Feature

Anne Tyler: 6 books I joyfully rediscovered

The Pulitzer Prize–winning author recommends novels by Jane Smiley, Richard Hughes, and more

A Thousand Acres by Jane Smiley (Anchor, $16). This recasting of King Lear as an Iowa farmer would have turned Shakespeare green with envy. Smiley’s novel is much, much richer and more psychologically complicated than the Shakespeare play and, like every other entry on this list, A Thousand Acres is a book I felt the need to buy again after I’d pared down my library when I moved.

Crow Lake by Mary Lawson (Dial, $15). When Lawson’s third novel, Road Ends, came out last year, I was happy to recognize some of the characters from her first, so of course I had to read that again. Both novels view the family as a weighty but beloved burden, and they offer a haunting view of a far-northern landscape that readers don’t often get to see.

Bel Canto by Ann Patchett (Harper Perennial, $17). A group of musicians and their audience are taken hostage by terrorists, but this is not the story you might then expect. I love the way everything changes so imperceptibly that we’re shocked to see where we end up.

A High Wind in Jamaica by Richard Hughes (NYRB Classics, $15). Another kidnapping — children captured by pirates — and another unexpected shift of vision. The author’s original title was The Innocent Voyage, which is more appropriate; just put an ironic little twist in your voice as you say the words.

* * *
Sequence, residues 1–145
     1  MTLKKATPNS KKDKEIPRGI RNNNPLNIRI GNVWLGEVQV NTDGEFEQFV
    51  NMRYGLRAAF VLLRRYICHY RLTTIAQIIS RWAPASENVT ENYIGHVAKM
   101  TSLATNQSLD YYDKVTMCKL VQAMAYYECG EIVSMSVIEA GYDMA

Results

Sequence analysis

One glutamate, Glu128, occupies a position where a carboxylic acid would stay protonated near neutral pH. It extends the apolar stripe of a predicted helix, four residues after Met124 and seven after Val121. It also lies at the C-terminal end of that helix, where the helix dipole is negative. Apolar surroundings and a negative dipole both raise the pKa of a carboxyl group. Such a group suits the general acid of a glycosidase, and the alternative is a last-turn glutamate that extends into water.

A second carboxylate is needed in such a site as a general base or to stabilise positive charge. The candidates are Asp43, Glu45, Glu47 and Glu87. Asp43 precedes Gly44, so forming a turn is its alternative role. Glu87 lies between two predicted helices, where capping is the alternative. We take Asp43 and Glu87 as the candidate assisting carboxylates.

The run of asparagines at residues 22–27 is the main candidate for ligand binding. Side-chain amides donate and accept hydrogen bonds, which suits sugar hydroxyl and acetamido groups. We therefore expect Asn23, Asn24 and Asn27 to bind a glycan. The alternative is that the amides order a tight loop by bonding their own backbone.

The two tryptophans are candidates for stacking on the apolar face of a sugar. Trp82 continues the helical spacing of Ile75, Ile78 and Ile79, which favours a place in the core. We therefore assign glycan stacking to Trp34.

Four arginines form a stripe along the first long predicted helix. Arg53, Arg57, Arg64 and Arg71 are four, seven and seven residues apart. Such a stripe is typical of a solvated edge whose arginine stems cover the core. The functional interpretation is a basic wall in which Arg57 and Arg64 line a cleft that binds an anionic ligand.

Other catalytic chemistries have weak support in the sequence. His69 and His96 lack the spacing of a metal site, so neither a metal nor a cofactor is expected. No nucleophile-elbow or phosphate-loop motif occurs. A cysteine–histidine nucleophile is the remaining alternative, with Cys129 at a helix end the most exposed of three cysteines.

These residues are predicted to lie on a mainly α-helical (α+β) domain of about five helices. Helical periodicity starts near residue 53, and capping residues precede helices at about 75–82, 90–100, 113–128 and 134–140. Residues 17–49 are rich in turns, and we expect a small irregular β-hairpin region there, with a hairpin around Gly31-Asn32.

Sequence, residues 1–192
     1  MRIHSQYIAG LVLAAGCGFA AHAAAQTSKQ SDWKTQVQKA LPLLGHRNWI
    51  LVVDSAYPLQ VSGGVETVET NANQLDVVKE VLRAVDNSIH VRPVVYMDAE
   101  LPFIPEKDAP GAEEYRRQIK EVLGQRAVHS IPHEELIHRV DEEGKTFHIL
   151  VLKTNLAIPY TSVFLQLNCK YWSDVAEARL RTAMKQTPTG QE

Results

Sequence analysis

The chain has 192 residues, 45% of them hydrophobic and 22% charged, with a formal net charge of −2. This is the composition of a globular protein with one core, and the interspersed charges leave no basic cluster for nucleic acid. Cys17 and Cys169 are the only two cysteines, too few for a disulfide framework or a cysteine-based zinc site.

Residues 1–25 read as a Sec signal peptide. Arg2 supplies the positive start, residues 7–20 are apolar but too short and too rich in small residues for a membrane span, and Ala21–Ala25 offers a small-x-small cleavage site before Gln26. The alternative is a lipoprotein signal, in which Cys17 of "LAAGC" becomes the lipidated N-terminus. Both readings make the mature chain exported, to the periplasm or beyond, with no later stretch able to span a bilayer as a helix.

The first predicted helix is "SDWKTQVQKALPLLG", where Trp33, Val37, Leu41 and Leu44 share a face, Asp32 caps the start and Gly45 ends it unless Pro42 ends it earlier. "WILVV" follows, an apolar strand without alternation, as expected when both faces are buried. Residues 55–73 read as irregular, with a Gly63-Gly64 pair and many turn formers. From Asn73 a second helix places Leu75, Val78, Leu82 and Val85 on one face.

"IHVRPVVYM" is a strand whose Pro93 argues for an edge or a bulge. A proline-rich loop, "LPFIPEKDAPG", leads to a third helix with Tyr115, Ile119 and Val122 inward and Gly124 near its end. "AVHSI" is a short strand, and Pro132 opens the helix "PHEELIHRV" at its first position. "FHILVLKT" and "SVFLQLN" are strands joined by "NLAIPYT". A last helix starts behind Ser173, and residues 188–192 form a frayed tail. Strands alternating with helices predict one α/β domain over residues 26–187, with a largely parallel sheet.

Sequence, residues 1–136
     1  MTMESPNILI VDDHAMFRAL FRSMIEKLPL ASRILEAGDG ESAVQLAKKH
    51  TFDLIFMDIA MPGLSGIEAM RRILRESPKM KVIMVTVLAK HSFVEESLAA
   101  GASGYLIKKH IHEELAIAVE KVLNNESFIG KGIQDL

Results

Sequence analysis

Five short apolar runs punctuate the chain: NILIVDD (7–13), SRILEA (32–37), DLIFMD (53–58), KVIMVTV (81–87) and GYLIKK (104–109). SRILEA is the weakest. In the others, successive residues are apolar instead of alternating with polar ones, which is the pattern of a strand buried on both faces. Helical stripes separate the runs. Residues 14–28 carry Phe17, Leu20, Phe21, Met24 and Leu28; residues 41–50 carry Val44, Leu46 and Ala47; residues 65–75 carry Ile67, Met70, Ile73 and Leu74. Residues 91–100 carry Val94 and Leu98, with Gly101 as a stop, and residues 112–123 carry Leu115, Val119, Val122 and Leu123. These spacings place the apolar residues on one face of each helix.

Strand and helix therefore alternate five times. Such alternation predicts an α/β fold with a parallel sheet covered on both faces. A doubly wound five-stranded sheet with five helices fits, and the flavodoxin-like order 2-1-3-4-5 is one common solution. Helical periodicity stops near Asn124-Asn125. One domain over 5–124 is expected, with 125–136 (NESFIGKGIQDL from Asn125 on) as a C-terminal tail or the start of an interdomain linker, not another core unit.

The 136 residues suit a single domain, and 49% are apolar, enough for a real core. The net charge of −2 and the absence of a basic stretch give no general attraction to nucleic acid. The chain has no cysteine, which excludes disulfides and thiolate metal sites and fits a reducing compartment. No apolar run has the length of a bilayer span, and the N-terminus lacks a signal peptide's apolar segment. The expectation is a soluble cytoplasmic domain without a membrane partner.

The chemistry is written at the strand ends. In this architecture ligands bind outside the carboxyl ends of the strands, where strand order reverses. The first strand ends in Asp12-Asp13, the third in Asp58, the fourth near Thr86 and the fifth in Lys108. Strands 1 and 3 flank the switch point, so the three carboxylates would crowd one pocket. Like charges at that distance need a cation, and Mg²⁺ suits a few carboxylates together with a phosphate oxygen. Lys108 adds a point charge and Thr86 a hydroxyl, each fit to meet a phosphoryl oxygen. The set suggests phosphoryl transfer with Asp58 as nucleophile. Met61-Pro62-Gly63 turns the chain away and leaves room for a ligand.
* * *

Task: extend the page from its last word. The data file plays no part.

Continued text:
The Man Who Loved Children by Christina Stead (Picador, $20). When this 1940 novel was rediscovered in the 1960s, poet Randall Jarrell said that if human beings were raised in orphanages for the next thousand years, they could learn purely from reading the book how to form families again. Well, heaven forbid that anyone should form a family like the Pollits’. Still, it’s a powerful, unforgettable story.

Plainsong by Kent Haruf (Vintage, $15). The publication of Haruf’s lovely Benediction in 2013 sent me back to this earlier novel, in which two Colorado cattle-farming brothers take in a pregnant teenager. It was just as touching and funny and kindhearted upon a second reading, and I’m now contemplating a third.

Anne Tyler is the Pulitzer Prize–winning author of Breathing Lessons, The Accidental Tourist, and Dinner at the Homesick Restaurant. Her 20th and latest novel, A Spool of Blue Thread, is a current New York Times best seller.

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